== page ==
What draws you to write in that genre?
I find that when I’m writing I slip into a mode of writing what I’d love to read myself. I feel inclined to sooth myself with the words, and that of course helps shape them. I love writing to be contemplative, to provoke me to look inward. I also love dark humour; I love to pepper my writing with flashes of darkly humorous prose that the reader will not expect. I suppose it is a mix of lulling, soothing and entertaining. That is what I’m aiming for.
Can you tell me about your current projects and your writing plans for the future?
Well I’m very guarded about my current projects because I feel that to describe them in too much detail would be to leak out some of their energy, leaving less for me to complete them, so I’ll just say they feature strong women and stories about love, loss, and the human condition.
I’d written several novels before I finished ‘Paid For’, but never edited them because I kept getting drawn back to the book I really, in my soul, needed to complete. Now that’s done it has freed me up to be creative, which I’m really enjoying. I’m contractually obliged to offer any further non-fiction to my current publisher, Gill and Macmillan, but they don’t publish fiction. I have been contacted by a fairly major international agency interested in seeing my fiction and I’ve just sent the two projects I’m currently working on to them, so we’ll see where we go from here.
What are your plans for your advocacy in the area of anti-sexual exploitation and anti-human trafficking?
We’ve made great strides already, which has been a wonderful thing to see. A lot of hard work and commitment from the Irish survivors of prostitution and our allies in the Turn Off The Red Light campaign has paid off, and we are relieved and delighted that the government has taken note of what we’ve had to say. The Irish government recently returned the recommendation that the basic tenants of the Nordic Model, which criminalises the purchase of sex, should be implemented in Ireland. They have advised exit programmes for prostituted women and criminalising the accessing of online escort agencies, which have been proven by police to be a hotbed of organised crime, directed mainly by home-grown and international pimping and trafficking gangs. We Irish survivors are determined to see these recommendations passed into law here and, beyond that, to assist other survivors see the same laws brought into force in their own countries. If those with a financial or sexual agenda think they’re going to be able to stop us they’ve got a whole lot more thinking to do.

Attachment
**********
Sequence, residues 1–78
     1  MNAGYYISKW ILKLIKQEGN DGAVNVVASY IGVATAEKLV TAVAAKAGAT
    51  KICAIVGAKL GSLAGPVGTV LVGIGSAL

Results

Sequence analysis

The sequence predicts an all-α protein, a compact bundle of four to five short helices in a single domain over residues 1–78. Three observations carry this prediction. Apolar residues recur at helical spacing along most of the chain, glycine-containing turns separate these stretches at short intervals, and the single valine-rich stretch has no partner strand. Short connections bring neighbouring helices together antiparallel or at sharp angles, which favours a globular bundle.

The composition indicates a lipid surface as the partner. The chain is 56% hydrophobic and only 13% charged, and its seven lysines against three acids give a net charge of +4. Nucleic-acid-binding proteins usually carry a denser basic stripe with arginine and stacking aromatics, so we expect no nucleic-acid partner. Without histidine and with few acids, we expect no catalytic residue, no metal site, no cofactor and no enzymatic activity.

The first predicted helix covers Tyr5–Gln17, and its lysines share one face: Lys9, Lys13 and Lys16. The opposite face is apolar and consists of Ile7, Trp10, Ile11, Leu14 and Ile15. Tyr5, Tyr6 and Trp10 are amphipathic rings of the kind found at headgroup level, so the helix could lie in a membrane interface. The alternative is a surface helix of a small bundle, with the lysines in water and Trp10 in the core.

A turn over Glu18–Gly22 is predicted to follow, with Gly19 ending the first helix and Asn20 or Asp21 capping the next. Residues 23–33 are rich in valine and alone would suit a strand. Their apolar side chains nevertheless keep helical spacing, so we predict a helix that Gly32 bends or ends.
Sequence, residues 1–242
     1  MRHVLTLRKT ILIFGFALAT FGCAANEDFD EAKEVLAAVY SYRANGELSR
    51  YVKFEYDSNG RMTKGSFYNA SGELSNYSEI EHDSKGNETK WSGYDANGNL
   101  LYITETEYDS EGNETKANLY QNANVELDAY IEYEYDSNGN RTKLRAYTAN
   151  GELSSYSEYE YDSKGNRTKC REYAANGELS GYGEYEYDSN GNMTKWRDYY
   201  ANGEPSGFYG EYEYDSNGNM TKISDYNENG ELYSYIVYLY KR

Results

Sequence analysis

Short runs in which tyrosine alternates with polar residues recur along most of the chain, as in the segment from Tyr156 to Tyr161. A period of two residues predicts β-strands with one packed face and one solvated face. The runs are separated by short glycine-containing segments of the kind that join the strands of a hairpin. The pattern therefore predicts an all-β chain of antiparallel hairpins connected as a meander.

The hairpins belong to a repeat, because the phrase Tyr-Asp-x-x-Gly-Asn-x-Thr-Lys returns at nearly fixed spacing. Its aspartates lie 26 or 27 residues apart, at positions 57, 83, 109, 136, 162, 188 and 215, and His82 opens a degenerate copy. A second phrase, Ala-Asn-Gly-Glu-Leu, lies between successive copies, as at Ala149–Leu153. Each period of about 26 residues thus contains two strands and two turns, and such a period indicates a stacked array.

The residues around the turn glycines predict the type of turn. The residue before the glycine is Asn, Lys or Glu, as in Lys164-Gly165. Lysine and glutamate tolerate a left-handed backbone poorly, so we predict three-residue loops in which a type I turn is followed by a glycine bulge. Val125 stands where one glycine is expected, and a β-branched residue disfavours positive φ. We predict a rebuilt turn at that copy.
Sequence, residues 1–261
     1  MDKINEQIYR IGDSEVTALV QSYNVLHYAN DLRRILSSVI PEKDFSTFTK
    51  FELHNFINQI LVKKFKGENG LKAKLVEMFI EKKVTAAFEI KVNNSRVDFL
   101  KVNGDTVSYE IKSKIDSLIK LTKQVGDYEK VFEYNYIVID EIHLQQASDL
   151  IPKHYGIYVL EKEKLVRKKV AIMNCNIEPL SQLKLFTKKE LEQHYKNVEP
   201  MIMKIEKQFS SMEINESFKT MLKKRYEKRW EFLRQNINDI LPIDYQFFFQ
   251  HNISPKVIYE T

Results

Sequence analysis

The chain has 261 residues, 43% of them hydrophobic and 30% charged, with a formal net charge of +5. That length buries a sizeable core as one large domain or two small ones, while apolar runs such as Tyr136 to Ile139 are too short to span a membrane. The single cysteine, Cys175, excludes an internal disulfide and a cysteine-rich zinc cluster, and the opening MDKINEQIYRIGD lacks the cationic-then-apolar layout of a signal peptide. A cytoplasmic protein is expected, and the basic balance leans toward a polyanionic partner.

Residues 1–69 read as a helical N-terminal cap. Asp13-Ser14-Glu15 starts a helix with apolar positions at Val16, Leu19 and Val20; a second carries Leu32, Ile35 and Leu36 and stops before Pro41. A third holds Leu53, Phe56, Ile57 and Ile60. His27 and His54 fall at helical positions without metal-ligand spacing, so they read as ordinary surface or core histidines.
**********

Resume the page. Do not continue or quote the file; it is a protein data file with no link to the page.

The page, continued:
Since your book was released in April in Ireland and more recently in Australia, what has life been like?
Busy, incredibly busy! I lost count of the amount of interviews I’d done within days of the Irish release. I’ve had some nasty incidents, like pro-lobby threats direct to my front door which meant that my home was under police surveillance for about ten days shortly after the book came out. I was assaulted by an older male family member who didn’t like what he was reading and I’ve had a threat of gang rape by five young men who were walking behind me as I walked through a tunnel near my home. There is a price to be paid for speaking out against commercial sexual exploitation and I always knew I’d have to pay it. For every one of those incidents though, I’ve had too many positive experiences to count. It’s been a very comforting imbalance.
Where can people find out more about you?
People who are interested in the book I’ve just published can find me on www.facebook.com/PaidForMyJourneyThroughProstitution and those who are interested in my anti-prostitution activism can find me on www.spaceinternational.ie. I also blog at www.theprostitutionexperience.com.
- ‘Residues of the Past’, a short piece of non-fiction written by Rachel Moran, can be read on Voices of Prostitution Survivors.